In July 2020 the Federal Nutrition Research Advisory Group released a report showing that the American diet has become a national security threat. The report researched the “mounting diet-related health burdens facing our nation and corresponding economic, health equity, national security, and sustainability implications,” and concluded that poor diet is now the main cause of illnesses in America, with nutrition issues linked to the deaths of more than half a million people every year.”
Things have only worsened since 2020. Last month the Heritage Foundation reported that since 2014 only 29% of young Americans qualify to serve in the military. Heritage concludes that It is likely tied to health: “American youth fitness is, frankly, miserable: 21.2% of youth 12- to 19-year-olds are obese and only 51% of high school students attended a physical education class in an average week.”
U.S. national security interests are further threatened by the harmful effects an overweight and obese working population have on weakening productivity and economic growth. Absenteeism rates are soaring, and chronic disease is impacting worker productivity, costing the US economy almost $2 trillion per year.
What’s more, the incidence of chronic disease is expected to worsen as the rate of prediabetes among both children and adults soars at an alarming rate. Today, 1 in 10 U.S. adults have type 2 diabetes, and if trends continue, 1 in 5 will have it by 2025. An additional 96 million U.S. adults – 1 in 3 – have prediabetes, which means their blood sugar is higher than normal, but not high enough to be considered type 2 diabetes. A study, published in the journal JAMA Pediatrics, included children from 12 to 19 years old and looked at data in the US Centers for Disease Control and Prevention’s National Health and Nutrition Examination Survey from 1999 to 2018. Over that time, the rate of prediabetes in adolescents went from 11.6% to 28.2%, rising steadily in that time frame. Another recent human prospective study showed that 88% of adult Americans are metabolically “unfit.” Ben Bikman, Ph.D., a Utah professor and a leading metabolic scientist knows just the culprit. “It’s simply our diet,” said Bikman. “We’re eating the wrong kinds of foods in the wrong quantities, and it’s making us not only fatter, but sicker.”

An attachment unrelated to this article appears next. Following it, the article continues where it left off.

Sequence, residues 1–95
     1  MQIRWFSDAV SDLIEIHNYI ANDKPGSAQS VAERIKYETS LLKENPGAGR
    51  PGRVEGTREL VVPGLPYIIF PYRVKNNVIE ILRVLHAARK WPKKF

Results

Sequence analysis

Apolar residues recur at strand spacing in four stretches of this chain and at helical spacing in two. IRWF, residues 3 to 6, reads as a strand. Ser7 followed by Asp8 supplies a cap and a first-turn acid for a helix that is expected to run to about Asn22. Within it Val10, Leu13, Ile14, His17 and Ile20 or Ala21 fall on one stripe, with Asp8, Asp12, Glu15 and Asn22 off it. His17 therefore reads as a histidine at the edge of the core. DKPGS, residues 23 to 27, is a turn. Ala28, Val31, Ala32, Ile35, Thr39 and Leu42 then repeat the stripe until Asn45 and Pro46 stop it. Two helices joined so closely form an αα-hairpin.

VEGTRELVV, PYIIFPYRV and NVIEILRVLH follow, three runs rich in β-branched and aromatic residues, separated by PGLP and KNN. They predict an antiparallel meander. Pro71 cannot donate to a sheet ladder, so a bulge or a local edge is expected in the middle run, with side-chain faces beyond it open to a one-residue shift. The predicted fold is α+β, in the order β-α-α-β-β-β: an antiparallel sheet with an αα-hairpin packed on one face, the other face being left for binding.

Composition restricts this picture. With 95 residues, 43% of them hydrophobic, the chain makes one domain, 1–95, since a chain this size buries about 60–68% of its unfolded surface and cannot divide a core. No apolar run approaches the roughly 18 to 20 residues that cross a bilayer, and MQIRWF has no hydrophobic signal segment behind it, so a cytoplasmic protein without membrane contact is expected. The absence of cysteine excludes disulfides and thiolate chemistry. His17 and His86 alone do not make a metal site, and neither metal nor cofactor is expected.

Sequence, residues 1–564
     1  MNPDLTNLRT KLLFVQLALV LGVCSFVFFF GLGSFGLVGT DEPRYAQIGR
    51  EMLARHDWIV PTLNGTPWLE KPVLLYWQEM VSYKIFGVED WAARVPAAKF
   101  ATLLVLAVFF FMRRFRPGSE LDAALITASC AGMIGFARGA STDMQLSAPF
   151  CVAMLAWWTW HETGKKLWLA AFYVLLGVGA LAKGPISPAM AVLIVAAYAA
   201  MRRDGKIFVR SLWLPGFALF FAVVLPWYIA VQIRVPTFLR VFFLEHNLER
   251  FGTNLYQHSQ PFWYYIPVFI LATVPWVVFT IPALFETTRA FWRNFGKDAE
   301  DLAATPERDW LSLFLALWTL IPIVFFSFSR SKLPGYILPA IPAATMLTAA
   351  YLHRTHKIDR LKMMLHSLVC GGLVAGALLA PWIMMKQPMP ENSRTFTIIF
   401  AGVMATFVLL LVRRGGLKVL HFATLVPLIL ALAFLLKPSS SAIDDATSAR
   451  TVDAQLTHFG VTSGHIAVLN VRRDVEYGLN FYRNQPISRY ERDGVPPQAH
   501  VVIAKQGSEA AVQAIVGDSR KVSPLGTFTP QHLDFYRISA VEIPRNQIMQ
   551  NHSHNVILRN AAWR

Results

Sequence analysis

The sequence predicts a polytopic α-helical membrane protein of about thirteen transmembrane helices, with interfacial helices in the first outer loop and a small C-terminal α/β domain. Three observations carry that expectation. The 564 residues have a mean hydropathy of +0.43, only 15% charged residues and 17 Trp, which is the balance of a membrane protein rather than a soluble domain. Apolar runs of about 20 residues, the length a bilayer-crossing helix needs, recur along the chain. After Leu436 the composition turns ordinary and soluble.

When I concentrated on national security and economics at the United States Military Academy in the late 1980s, health, being overweight or any of the metabolic diseases that go along with obesity never crossed my mind. Today, the real epidemic that is having the most adverse effect on both our personal lives and our collective well being as a society is our health and fitness, or lack thereof, manifesting in our being overweight or obese.
I’ve had my own battle with weight and am keenly aware of the struggles many feel. As a young infantry officer in my early and mid-20s I was able to get away with eating anything I wanted. Soon after departing, I started to slowly gain weight in my 20s and 30s, but then began to explode in my 40s.
As a health coach at Copare nothing gives me greater joy than to share my personal experience and my expertise with weight loss and to see my clients succeed. The keys to success are threefold: desire, knowledge, and commitment: a desire to get healthy and make fitness and nutrition a top priority, the knowledge of what to eat, and committing to your goals and adopting consistent habits and behaviors.
Since Covid began it is estimated that American adults have gained an average of 20 pounds. The pandemic added fuel to an already raging fire that was decades in the making – the obesity epidemic. More disturbing to me is that so many Americans are “throwing in the towel” and are far too accepting of their unhealthy weight and fitness. I grew up in West Virginia, the state which leads the country in obesity rates. Higher income areas of the nation are becoming more like West Virginia.
Complacency and acceptance of unhealthy weight and habits is leading us down a dangerous path as a culture. This does not have to be our destiny and should not be the norm. At Copare, we are committed to reversing this trend, one person at a time but it starts with you. I want to encourage you to invest in yourself and celebrate the cherished values of our country. Please don’t “throw in the towel”. I am living proof that losing weight and keeping it off is possible.